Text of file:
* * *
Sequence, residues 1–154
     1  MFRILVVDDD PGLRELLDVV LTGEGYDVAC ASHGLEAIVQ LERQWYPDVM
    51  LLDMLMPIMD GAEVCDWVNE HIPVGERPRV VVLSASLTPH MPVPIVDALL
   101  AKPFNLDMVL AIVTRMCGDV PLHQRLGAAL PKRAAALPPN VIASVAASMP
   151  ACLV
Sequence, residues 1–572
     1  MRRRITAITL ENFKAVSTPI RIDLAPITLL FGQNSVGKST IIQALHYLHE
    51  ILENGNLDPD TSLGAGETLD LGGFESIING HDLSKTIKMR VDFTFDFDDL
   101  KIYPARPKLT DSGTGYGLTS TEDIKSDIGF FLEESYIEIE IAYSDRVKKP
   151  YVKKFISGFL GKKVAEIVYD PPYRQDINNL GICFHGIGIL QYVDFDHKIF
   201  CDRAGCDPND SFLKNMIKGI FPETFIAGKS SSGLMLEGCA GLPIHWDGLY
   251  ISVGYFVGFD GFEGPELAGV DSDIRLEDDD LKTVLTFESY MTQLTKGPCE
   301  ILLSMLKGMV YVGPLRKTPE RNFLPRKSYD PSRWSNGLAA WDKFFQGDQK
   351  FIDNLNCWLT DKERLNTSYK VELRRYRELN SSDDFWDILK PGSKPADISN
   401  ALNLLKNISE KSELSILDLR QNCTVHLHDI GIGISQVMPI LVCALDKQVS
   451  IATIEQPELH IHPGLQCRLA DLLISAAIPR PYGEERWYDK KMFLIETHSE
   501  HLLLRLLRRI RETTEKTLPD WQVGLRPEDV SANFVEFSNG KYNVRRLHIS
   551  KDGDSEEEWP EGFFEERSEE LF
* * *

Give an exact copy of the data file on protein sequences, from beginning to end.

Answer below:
Sequence, residues 1–154
     1  MFRILVVDDD PGLRELLDVV LTGEGYDVAC ASHGLEAIVQ LERQWYPDVM
    51  LLDMLMPIMD GAEVCDWVNE HIPVGERPRV VVLSASLTPH MPVPIVDALL
   101  AKPFNLDMVL AIVTRMCGDV PLHQRLGAAL PKRAAALPPN VIASVAASMP
   151  ACLV
Sequence, residues 1–572
     1  MRRRITAITL ENFKAVSTPI RIDLAPITLL FGQNSVGKST IIQALHYLHE
    51  ILENGNLDPD TSLGAGETLD LGGFESIING HDLSKTIKMR VDFTFDFDDL
   101  KIYPARPKLT DSGTGYGLTS TEDIKSDIGF FLEESYIEIE IAYSDRVKKP
   151  YVKKFISGFL GKKVAEIVYD PPYRQDINNL GICFHGIGIL QYVDFDHKIF
   201  CDRAGCDPND SFLKNMIKGI FPETFIAGKS SSGLMLEGCA GLPIHWDGLY
   251  ISVGYFVGFD GFEGPELAGV DSDIRLEDDD LKTVLTFESY MTQLTKGPCE
   301  ILLSMLKGMV YVGPLRKTPE RNFLPRKSYD PSRWSNGLAA WDKFFQGDQK
   351  FIDNLNCWLT DKERLNTSYK VELRRYRELN SSDDFWDILK PGSKPADISN
   401  ALNLLKNISE KSELSILDLR QNCTVHLHDI GIGISQVMPI LVCALDKQVS
   451  IATIEQPELH IHPGLQCRLA DLLISAAIPR PYGEERWYDK KMFLIETHSE
   501  HLLLRLLRRI RETTEKTLPD WQVGLRPEDV SANFVEFSNG KYNVRRLHIS
   551  KDGDSEEEWP EGFFEERSEE LF